There is an expression, "If you ever truly want to understand something, just try to change it." When a new board takes charge, pumped full of ideas and enthusiasm, it's often met with resistance. Do these sound familiar?
Pay higher fees? Are you nuts? We should lower them!
Take down my 40 foot flagpole? I'm entitled to Free Speech!
What do you mean "change the paint color"? If it was good enough in 1985, it's good enough today!
Tow my wrecked '68 Ford Pinto out of the Fire Lane will you? I'm calling my lawyer!
I ain't payin' my dues until I get my bush trimmed!
Really makes you thankful you stepped forward for the job, doesn't it? Your good ideas are criticized, downsized and capsized. You discover that "Rules are fine but they don't apply to me!" People you thought were clear thinking and supportive turn out to be muddled and self serving. Welcome to Club Dread.
At the core of the backlash is a fundamental human resistance to change even when the change is for the better. Lives are made of pieces and principles woven into a fabric familiar to the user. Changing any part of the weave disturbs the whole cloth. As a board seeking better results for the HOA, understanding the "we fear change" mentality helps get goals accomplished. Here's how.
Slow Down. A board with an urgent agenda runs roughshod over member opinion. It's extremely important when proposing change to allow the members to ponder and speak. When given the chance, most won't take advantage of it. But not given the chance brings out the rebel in some. So, take your time and poll the members when something new is proposed. There are few issues that must be decided immediately.
Gain Trust. When proposing changes, trust trumps facts. In other words, too many studies and facts actually complicate the process by raising questions. A statement like "The board has thoroughly investigated this issue and consulted with knowledgeable experts. The findings indicate there is a strong need to make this change to properly care for our assets" actually reassures most members.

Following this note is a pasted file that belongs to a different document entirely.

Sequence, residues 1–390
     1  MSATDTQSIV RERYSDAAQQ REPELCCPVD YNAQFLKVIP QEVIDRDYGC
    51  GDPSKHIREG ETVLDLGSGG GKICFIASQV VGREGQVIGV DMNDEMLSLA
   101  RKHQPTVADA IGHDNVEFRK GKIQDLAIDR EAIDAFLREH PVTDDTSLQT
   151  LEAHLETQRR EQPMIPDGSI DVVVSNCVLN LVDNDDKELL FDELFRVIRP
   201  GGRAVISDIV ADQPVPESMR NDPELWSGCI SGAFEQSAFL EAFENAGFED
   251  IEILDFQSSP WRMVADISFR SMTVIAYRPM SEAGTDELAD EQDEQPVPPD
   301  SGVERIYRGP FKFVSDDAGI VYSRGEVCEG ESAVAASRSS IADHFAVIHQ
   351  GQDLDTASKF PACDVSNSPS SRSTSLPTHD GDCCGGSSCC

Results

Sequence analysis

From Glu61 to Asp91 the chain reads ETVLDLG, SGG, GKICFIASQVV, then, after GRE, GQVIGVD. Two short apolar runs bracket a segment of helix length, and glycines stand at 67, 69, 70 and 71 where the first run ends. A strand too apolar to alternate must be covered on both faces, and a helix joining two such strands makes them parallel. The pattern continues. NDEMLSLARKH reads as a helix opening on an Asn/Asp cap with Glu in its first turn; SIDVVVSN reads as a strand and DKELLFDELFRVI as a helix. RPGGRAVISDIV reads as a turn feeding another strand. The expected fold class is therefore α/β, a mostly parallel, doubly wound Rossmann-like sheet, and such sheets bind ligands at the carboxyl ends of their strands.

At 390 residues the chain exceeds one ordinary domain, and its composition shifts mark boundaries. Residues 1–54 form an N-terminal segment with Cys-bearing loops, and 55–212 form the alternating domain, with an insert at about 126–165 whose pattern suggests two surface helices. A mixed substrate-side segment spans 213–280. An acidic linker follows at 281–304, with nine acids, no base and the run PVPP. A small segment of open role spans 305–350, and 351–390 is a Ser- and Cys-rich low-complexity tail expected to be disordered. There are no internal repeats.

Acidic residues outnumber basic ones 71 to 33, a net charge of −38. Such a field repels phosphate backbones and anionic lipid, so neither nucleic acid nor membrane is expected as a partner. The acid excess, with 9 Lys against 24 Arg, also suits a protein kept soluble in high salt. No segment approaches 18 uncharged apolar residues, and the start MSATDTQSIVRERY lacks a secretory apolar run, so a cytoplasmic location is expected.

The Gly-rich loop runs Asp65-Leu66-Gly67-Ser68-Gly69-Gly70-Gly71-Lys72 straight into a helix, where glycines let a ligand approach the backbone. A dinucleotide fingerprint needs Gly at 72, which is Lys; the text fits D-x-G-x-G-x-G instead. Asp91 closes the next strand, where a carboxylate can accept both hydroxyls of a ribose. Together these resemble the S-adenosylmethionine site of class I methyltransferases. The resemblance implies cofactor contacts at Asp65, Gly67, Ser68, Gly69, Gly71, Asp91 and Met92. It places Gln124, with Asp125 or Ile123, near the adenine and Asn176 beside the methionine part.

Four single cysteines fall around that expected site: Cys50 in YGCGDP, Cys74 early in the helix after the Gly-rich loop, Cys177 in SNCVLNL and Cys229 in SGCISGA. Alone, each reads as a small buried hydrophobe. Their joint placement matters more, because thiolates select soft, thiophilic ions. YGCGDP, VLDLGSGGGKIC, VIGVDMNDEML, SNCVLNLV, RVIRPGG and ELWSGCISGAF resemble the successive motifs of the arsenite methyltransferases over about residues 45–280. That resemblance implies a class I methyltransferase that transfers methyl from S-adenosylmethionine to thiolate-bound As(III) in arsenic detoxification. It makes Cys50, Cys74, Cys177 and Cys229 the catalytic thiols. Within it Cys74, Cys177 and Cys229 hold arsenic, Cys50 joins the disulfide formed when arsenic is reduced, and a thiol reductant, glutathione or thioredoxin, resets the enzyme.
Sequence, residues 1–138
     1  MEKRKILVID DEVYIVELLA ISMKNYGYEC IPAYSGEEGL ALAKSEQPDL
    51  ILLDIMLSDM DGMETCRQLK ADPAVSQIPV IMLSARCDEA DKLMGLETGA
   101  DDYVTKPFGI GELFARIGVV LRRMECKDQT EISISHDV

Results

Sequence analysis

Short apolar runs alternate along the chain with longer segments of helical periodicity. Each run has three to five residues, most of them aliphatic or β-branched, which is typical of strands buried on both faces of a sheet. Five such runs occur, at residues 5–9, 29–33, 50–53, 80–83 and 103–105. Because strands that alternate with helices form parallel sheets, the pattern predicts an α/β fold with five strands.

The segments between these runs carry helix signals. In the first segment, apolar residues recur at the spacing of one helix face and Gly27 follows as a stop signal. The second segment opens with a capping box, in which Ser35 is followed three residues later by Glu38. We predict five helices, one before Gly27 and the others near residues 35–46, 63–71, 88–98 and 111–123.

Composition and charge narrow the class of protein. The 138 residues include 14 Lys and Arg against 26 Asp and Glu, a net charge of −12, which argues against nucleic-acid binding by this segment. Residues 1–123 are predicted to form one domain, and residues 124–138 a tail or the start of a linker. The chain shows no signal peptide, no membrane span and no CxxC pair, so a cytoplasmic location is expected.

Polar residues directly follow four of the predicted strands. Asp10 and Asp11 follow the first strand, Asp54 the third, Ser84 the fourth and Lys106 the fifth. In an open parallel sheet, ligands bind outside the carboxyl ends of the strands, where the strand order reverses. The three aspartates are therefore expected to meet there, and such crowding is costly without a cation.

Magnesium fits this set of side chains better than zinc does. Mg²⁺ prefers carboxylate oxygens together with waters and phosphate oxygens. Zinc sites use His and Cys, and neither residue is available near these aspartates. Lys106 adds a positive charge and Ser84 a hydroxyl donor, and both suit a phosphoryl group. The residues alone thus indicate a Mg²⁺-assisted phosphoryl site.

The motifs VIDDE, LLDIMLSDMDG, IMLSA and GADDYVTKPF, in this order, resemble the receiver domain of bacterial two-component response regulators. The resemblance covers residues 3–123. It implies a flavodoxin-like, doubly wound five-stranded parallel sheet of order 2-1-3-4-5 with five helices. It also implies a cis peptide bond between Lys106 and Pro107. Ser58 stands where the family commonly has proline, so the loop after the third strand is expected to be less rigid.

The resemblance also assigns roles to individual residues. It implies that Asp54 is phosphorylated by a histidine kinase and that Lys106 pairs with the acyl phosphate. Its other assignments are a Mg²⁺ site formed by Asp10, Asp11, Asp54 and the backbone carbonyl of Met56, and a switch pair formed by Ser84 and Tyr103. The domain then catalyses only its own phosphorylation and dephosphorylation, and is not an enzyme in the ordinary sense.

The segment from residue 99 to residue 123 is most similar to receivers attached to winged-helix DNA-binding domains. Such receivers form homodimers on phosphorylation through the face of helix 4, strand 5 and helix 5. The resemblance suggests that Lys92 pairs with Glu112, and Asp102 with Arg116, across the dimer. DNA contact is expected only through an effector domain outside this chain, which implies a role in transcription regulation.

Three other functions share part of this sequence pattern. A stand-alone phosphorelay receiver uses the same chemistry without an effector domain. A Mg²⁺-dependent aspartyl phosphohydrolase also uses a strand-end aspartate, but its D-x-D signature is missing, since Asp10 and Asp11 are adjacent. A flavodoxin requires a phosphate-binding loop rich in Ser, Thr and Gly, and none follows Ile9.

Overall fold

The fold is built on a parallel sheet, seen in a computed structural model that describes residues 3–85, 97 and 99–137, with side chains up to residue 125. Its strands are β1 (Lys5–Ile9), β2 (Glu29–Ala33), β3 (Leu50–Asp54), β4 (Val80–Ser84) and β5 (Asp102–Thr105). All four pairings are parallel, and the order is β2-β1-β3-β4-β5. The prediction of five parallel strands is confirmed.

Negotiate. As an elected director, you are, in essence, a politician. Successful politicians understand the value of give and take while hardliners go down with the ship. Negotiation and compromise is a great trust gainer because it shows respect for others. Often giving in to little things accomplishes the bigger vision thing.
Sell the Sizzle. Every worthy change has what salesmen call "sizzle". Like trust, sizzle can be sized for consumption. For example, "While the board is asking for a special assessment of $10,000 each toward this renovation project, real estate agents advise that the units will increase $25,000 in value. So this is a great investment and will substantially increase the livability and pride of ownership. Let's not forget that this same work for a single family homeowner would cost three times as much. We're getting a heckuva deal here!"
Calm the Waters. Having a long range vision is critical to lasting change. Put your firefighter suits away and map out a plan that includes a reserve study, funding to pay for reserve projects plus an annual schedule. Having a plan speaks volumes to members who have entrusted the board with their single largest asset. A real plan says, "This ship is on course and the board has a firm hand on the wheel."
Lighten Up. While the board will sometimes deal with serious issues, keeping things in perspective will help see it through. Remember, few of these issues are life or death and the world won't stop turning if you fail. Keeping a sense of humor will actually encourage cooperation from nay sayers who realize they are taking things too seriously. Keep smiling.
Selling change to an HOA stuck in a rut is a good thing but it takes a thoughtful approach. Deal with it thoughtfully and you will accomplish lasting change. As the note on the restaurant tip jar says, "Fear change? Leave it here."
For more innovative homeowner association management strategies, subscribe to www.Regenesis.net.